Released October 28th, 2016 via earMUSIC
This is the first album for Helmet in 6 years. This is the 8th studio album of the band. Nowadays Page Hamilton is Helmet and Helmet is Page Hamilton. The front man and leader of the group has been in charge of the last four albums besides all his numerous projects. Accomplished producer - "Dead to the World" has been produced by the man himself.
Originally from New York, the group is highly respected by the HC community but their music is more considered as being part of the alt rock movement, post HC or experimental HC. Labels aside, this LP album is, while not being as heavy as its predecessors, still a sonic wall of death in its own right.
I love My Guru. It is a wicked track with an insane guitar, great riffs, soft breaks and this nervous and possessed trademark voice that Hamilton has on every record. You may read in the press that Bad News has a Beatles feel and no one can deny this when you hear the track. It would be reductive to leave it, it is an engaging and melodic Helmet track.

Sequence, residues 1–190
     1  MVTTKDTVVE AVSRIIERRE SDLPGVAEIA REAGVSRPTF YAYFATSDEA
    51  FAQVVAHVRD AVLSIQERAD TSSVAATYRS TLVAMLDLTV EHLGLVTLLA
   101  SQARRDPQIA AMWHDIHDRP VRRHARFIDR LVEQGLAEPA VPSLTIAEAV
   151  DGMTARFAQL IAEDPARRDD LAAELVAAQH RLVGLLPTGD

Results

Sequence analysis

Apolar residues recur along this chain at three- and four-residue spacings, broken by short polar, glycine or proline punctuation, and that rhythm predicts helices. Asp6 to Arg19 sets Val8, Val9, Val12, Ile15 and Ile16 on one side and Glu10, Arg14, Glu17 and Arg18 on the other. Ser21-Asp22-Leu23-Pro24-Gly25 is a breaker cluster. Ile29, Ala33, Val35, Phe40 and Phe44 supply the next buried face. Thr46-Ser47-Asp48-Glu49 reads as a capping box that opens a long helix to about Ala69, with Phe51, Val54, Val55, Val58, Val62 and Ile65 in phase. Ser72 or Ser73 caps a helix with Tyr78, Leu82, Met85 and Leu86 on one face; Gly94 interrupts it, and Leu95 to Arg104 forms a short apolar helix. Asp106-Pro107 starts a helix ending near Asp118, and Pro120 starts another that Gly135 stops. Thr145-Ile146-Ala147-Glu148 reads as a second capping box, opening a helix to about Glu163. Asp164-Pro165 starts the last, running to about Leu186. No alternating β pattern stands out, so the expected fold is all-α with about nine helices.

Drunk In The Afternoon is a traditional Helmet title with a typical Helmet sound introduced by a heavy intro. Red Scare could probably be considered as the best song of the album insofar as it does encompass some recognizable Helmet components, such as strong riffs, possessed drums and onvincing voice - the whole together leading to an hypnotic deluge of sound. Die Alone, the following track, will not give you the opportunity to recover from the previous punch and it is more than likely that the guitar solo will ultimately terminate any predispositions you had towards an attempt to listen to the latest Bon Jovi.
Call it faux pas or experiment: Green Shirt, the unexpected pop song, sounding like a d-list track from Elvis Costello, is a bit like a UFO on this album. But this is not overly important as the remainder of the album is solid, nervous, agitated and cohesive.
If I was to pick 3 only: I Love My Guru, Die Alone, Red Scare
Live Test: Guess what, they are not coming in Ireland. :(
Review by Pascal Derrien